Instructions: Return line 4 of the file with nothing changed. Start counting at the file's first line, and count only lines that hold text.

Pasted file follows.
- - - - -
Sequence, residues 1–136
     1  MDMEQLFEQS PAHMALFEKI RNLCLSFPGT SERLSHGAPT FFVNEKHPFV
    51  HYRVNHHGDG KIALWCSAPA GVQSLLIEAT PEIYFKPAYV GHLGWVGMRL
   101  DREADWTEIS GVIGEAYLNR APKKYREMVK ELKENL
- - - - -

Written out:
   101  DREADWTEIS GVIGEAYLNR APKKYREMVK ELKENL